Primary Election Day in Charlottesville is imminent and it is likely that the three Charlottesville City Council candidates who emerge from the Democratic primary will become the city’s next councilors.

There are three open seats on Charlottesville’s City Council on the ballot in November. Three of the five Democratic candidates will be selected during the June 20 Primary election to represent the Democratic Party in the general election.

All five candidates in the race thus far are registered Democrats, and no other party has put anyone forward or shown any indication they intend to.

“There is a strong chance that there are only as many named candidates on the November ballot as positions,” said Charlottesville Chief Deputy Registrar Joshua D. Jenkins.

Republicans are a rarity on Charlottesville’s City Council. There has not been a Republican member in more than 20 years, since Rob Schilling’s last year in office in 2002. The party has not run a candidate since Michael Farruggio and Charles “Buddy” Weber ran in 2011

“We don’t have someone ready to run this cycle, unfortunately,” Charlottesville Republican Party chair Dan Moy told Charlottesville Tomorrow.

It’s possible an independent candidate could enter the race by declaring their candidacy with the registrar by June 20. That’s not unheard of in Charlottesville. Independant Yasmine Washington ran for Council in 2021, though she lost to Democrats Juandiego Wade and Brian Pinkston.

Jenkins said that the November ballot has write-in fields too, so voters could also choose candidates who have not declared their candidacy.

“It is less common for write-in candidates to win, but it has been known to happen,” Jenkins said.

The five Democratic candidates who will appear on the primary ballot are Dashad Cooper, Bob Fenwick, Natalie Oschrin, Michael Payne and Lloyd Snook. Payne and Snook are both incumbent members of the City Council and have served since 2020.

Four of those five candidates appeared at a candidate forum hosted by private organizations Town Crier Productions and the Free Enterprise Forum on May 10. (Cooper was absent due to illness.) The Democratic candidates agreed on many issues.

One area that highlighted contrast was forthcoming changes to the city’s zoning laws.
Payne and Oschrin said they want to see the creation of more affordable housing in the city. They both support the proposed zoning rewrite, which officials and community members have been working on for several years. The proposed new ordinance increases allowable housing density everywhere in Charlottesville.

Candidate Fenwick, on the other hand, said he does not support the proposed zoning changes, and that he chose to run because he believes residents who are opposed to the zoning rewrite have not been listened to by city leaders.

Snook is a defense attorney who handles major felony, car accident and malpractice cases, and estate matters, according to his firm’s website. As a local politician, his main platforms are affordabilty, transportation and future readiness.

Payne is the co-founder of the group Indivisible Charlottesville, which has a stated purpose of, “empowering citizens, opposing Trumpism, defending democracy, holding government accountable.” Before he was elected to Council, Payne worked at organizations like Habitat for Humanity Virginia and People And Congregations Engaged in Ministry (PACEM). He said during the forum that his main focus as a Councilor has been housing accessibility.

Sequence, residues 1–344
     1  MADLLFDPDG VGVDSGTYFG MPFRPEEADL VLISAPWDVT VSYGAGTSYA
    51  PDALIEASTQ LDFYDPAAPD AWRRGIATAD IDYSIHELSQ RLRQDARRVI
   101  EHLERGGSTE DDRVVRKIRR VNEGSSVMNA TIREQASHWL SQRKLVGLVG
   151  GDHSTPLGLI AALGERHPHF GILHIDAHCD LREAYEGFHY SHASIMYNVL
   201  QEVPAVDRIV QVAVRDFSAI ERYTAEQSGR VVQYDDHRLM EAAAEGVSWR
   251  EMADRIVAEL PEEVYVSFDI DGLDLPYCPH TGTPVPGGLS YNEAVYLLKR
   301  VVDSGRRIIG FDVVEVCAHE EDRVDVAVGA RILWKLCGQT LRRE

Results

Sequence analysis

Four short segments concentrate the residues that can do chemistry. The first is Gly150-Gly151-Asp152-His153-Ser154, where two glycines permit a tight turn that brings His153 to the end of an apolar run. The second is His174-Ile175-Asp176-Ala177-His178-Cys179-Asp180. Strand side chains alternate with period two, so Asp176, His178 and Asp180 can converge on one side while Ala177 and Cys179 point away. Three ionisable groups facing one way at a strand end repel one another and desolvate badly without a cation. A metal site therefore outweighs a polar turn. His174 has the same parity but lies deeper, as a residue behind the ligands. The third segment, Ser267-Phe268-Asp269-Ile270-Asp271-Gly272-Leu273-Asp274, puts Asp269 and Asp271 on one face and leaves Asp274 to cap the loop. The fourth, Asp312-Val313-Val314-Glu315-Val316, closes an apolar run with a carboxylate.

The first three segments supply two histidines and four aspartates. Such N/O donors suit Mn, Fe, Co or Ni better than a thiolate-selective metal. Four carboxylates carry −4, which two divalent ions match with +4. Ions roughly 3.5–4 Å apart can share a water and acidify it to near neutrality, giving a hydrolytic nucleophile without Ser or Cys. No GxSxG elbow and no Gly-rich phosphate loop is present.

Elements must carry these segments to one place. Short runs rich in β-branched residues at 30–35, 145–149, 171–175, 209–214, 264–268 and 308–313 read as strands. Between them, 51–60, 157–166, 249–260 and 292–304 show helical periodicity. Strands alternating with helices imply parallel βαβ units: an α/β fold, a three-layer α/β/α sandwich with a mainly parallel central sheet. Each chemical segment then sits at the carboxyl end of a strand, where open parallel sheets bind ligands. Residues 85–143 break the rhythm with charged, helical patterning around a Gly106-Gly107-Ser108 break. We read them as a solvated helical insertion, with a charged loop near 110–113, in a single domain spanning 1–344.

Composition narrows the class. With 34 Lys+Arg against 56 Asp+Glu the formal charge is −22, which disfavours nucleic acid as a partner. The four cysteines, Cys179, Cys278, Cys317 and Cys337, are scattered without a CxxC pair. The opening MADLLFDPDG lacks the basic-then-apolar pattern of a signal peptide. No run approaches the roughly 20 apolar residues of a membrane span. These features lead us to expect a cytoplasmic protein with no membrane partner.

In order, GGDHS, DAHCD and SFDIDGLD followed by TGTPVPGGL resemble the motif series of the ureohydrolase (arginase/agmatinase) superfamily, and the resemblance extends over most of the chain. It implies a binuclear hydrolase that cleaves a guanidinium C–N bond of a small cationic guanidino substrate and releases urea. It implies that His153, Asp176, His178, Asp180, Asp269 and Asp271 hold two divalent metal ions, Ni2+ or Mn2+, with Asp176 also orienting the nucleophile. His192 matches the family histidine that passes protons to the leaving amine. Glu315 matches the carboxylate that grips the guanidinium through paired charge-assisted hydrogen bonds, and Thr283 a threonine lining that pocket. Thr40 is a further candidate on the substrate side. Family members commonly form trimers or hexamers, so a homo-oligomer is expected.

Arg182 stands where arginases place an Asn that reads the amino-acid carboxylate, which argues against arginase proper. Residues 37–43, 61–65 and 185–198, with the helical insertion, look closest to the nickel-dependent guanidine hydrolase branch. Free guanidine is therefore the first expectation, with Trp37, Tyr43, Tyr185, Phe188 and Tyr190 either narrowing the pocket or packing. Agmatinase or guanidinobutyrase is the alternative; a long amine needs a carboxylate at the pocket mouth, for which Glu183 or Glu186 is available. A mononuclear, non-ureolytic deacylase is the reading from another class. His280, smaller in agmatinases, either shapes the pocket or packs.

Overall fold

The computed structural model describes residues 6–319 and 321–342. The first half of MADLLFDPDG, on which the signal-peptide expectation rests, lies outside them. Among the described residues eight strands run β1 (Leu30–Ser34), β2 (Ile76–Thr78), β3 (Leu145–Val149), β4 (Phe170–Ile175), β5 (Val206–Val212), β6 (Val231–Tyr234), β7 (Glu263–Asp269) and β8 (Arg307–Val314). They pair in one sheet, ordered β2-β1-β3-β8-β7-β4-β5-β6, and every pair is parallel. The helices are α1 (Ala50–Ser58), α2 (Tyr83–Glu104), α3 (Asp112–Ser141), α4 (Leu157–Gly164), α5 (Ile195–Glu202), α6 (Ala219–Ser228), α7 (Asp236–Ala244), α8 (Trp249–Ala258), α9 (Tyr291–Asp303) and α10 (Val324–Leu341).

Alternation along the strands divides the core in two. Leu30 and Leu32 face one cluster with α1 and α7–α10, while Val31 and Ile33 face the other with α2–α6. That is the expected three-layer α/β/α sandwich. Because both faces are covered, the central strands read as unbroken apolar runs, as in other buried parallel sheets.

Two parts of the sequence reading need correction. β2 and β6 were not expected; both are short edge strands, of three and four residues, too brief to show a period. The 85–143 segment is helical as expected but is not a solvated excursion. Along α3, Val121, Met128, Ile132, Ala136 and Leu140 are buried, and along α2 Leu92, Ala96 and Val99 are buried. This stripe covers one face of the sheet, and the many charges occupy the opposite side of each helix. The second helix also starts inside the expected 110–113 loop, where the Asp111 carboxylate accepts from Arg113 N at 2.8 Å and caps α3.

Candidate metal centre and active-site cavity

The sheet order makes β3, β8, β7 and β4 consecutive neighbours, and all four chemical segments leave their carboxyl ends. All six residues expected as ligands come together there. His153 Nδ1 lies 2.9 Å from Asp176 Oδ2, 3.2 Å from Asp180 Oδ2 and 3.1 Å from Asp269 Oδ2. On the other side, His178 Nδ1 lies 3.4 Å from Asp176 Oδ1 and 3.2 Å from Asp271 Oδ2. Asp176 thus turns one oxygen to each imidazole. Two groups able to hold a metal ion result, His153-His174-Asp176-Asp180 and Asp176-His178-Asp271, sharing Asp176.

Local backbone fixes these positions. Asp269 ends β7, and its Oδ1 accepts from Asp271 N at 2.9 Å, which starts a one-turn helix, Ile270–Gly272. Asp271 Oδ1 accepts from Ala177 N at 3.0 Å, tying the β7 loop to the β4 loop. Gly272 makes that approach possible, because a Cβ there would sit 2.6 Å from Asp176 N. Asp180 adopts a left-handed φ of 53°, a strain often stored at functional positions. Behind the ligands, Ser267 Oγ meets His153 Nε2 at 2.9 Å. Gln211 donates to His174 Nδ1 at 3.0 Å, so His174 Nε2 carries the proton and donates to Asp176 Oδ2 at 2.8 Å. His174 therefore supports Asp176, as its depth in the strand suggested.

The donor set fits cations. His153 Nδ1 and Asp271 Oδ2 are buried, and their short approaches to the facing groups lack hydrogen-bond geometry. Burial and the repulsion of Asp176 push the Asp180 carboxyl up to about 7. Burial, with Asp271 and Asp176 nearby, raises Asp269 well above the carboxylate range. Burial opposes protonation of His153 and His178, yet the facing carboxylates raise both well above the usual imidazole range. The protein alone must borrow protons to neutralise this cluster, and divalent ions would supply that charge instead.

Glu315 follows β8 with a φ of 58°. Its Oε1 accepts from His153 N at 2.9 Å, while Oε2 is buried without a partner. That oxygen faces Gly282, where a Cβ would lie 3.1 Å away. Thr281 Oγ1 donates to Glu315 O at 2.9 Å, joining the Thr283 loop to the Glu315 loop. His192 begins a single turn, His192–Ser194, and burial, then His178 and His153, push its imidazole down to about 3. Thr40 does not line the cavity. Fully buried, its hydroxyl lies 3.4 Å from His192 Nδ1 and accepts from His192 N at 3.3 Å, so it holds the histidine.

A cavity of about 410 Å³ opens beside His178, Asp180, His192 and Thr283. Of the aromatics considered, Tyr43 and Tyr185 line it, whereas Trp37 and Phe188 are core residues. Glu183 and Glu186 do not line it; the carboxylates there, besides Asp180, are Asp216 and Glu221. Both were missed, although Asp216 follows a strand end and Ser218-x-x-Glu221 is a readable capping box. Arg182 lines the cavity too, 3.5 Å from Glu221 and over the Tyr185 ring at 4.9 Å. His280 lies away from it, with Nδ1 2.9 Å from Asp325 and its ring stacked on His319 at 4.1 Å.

Fenwick was a City Councilor from 2013 to 2017. He ran again in 2017 and 2019, but was defeated both times in the Democratic primary. He also ran for Council in 2007 and 2009, but did not win.

Cooper has worked for the city of Charlottesville for more than six years, most recently as a social service assistant. His focus in this race is creating equity in Charlottesville — in housing availibility, educational opportunity and in the experience of the criminal justice system, according to his campaign website. He started this political cycle running for a seat in the Virginia House of Delegates, which he talked about with C-VILLE Weekly, but switched into the City Council race.

Oschrin is wedding sales manager at the vineyard Pippin Hill Farm. Her main areas of interest in the race are increasing the amount of affordable housing in Charlottesville, supporting better public and alternative transportation, working to secure money from the University of Virginia (which currently pays no local taxes) and working to address the underlying causes of crime, according to her campaign website.

All registered Charlottesville voters can participate in the Democratic primary, regardless of political affiliation. Because Virginia is an open primary state, voters are not required to be registered members of the party whose election they are voting in, or do anything beyond registering to vote, then showing up to their regular polling place on June 20 or in early voting, which has already begun. Here is more information about early voting in Charlottesville.

Citizens can register to vote online by May 30, according to the Virginia Department of Elections, or by mailing a voter registration form to the address on the form.

If you miss the voter registration deadlines, you can still vote. You can register in person on election day at your polling location.

Anyone interested in running as an independent in November can still do so. All candidate information and required documents can be found on the Virginia Department of Elections website and will have to be submitted to the registrar by June 20 at 7 p.m.

Editor’s note: Bob Fenwick is not an attorney. A previous version of the story incorrectly said that he was.


I'm Charlottesville Tomorrow's democracy reporter. Get in touch with me here. If you’re not already subscribed to our free newsletter, you can do that here and keep up with all things civic information.